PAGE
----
The former Head of Children’s Services, Mr Anton Skinner, on Thursday (30 July) continued giving evidence to the Independent Jersey Care Inquiry.
Speaking for a third day, he recalled the circumstances around Jane Maguire being transferred to the Family Centre Service after being removed as House Mother at Blanche Pierre following abuse allegations. Her new role included running under-fives groups alongside an experienced nursery worker. Inquiry Counsel, Mr Patrick Sadd, asked Mr Skinner to comment on how much he was aware of the extent of involvement that Mrs Maguire would have had with young children.
Mr Skinner went on to describe his actions in the investigation into disclosure of abuse made by a young person originally resident at Heathfield about a member of staff, Witness 335. He talked about the involvement of the Police and the newly formed Child Protection Team (for which he had been responsible for setting up), as well as discussions about the case with the Education Committee. Witness 335 was given early retirement and an enhancement to his pension.
He also outlined what the disciplinary procedures of the States of Jersey were in 1991 and the issues around trying to fire people.
Mr Sadd then asked Mr Skinner about political interest and involvement in Children's Services, funding, and his relationship with Senator Stuart Syvret, in his role as President and latterly Minister of Health and Social Services.
Mr Skinner explained his department's retention policy with regard to destroying documents and archiving and talked about issues arising out of the Operation Rectangle Police investigation.
Mr Skinner spoke of the lessons learned both personally and professionally, some of the improvements achieved within Children's Services and the difficulties of getting laws passed in Jersey.
His concluding statement included apologies to all children affected by decisions made by himself and Children’s Services. He said there was no question of a cover-up as he did act on complaints as quickly as possible - but that there were lessons to be learned.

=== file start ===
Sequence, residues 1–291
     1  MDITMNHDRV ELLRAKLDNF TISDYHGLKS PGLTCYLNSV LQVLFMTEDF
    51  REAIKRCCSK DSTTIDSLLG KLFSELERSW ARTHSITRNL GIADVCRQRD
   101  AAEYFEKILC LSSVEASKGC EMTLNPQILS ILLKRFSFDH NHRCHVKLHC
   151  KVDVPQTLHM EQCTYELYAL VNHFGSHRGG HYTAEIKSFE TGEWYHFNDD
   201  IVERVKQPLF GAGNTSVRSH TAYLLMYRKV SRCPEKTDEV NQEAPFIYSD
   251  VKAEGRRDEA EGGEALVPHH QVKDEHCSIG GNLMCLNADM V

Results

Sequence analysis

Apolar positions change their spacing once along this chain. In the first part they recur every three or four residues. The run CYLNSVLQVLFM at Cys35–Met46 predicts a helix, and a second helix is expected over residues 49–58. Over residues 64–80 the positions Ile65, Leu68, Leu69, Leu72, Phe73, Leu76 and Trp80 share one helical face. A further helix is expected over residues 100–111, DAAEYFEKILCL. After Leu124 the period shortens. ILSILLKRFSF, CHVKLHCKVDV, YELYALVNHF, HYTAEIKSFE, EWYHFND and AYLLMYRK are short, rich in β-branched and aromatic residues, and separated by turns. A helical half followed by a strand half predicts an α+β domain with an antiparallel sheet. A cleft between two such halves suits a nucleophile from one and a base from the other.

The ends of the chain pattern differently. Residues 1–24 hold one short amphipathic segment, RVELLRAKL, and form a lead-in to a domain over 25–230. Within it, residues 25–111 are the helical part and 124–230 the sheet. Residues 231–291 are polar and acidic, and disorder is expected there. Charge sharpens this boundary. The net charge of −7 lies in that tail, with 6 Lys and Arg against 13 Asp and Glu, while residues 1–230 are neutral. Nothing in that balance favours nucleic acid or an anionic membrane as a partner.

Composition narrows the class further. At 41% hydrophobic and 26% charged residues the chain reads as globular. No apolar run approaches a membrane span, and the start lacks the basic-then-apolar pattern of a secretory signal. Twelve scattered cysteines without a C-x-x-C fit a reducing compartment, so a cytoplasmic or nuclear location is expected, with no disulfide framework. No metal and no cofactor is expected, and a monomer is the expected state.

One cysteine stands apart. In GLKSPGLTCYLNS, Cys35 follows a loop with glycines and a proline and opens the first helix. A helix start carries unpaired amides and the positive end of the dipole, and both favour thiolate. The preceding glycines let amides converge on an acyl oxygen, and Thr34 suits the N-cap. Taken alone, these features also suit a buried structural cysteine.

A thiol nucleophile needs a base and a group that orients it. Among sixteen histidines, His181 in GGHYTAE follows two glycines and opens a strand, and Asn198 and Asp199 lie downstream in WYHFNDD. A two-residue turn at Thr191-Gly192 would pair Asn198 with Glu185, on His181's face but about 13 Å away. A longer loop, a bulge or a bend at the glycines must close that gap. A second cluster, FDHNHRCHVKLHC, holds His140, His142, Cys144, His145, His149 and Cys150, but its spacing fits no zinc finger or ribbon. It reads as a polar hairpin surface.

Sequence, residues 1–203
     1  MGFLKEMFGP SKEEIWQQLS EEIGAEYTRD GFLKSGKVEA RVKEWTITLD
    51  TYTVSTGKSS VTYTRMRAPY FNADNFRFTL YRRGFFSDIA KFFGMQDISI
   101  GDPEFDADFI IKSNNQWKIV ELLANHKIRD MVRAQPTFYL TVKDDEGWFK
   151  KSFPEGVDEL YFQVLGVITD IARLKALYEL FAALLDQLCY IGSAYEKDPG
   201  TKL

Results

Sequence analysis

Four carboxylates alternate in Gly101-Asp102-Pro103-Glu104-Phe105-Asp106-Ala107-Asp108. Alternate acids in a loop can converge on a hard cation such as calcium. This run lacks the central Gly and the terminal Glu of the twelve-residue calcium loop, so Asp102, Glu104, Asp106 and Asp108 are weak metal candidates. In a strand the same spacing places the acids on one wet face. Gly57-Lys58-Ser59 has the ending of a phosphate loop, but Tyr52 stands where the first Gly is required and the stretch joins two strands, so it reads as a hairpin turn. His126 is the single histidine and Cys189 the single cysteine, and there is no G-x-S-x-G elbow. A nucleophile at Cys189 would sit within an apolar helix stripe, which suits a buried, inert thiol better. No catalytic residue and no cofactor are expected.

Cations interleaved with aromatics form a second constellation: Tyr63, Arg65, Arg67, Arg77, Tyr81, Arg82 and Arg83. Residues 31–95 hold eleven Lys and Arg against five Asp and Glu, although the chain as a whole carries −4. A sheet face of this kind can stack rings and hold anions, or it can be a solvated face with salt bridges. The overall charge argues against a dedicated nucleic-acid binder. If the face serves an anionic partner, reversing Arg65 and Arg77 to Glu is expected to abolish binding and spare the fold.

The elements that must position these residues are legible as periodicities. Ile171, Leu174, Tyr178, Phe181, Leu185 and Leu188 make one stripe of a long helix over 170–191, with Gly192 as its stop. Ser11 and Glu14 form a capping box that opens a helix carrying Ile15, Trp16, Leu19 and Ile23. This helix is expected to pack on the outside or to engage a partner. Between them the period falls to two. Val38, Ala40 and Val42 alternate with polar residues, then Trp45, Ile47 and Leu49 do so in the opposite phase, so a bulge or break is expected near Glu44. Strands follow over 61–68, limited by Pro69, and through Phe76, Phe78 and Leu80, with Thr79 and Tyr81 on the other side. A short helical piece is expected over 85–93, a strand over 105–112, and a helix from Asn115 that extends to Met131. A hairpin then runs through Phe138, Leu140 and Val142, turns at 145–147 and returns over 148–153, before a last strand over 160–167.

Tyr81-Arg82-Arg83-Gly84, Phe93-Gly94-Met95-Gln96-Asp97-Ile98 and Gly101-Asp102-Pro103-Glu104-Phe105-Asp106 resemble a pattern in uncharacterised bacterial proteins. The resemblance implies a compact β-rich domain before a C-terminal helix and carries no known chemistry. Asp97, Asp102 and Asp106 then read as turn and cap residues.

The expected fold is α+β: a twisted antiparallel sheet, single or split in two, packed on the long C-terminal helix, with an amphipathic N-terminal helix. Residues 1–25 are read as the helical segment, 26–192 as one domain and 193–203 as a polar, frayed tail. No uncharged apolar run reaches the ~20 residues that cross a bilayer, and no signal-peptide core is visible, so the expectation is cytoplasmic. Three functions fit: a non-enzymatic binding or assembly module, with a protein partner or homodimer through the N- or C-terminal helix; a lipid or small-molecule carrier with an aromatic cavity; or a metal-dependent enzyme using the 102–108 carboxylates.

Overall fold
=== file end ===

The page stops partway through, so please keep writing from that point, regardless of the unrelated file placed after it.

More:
Mr Sadd also started to take Day 89’s second witness through his evidence. Mr Tony Le Sueur first appeared before the IJCI Panel last year to outline the history of Jersey’s Children’s Services since 1945 as part of his current role as Programme Associate on behalf of Health & Social Services in the States’ own Inquiry team. He confirmed that the appointment was not made on behalf of the IJCI nor was in any way related to the IJCI team.
Mr Le Sueur detailed various aspects of training, development and disciplinary policies and practices as well as child protection legislation during his varied career within Children’s Services since starting as a worker in a Youth centre in the 1980s, working at Heathfields and La Chasse in the 1990s and moving into senior management roles in the 2000s.
He talked about what he wanted the IJCI final report to achieve, and his fears that the funds wouldn’t be made available to implement any recommendations which he regarded as being a priority in order to protect vulnerable children.
Public hearings start at 0900 tomorrow (Friday 31 July) and Mr Le Sueur will continue giving his evidence from 1000.
Full transcripts and supporting documents will be available in due course.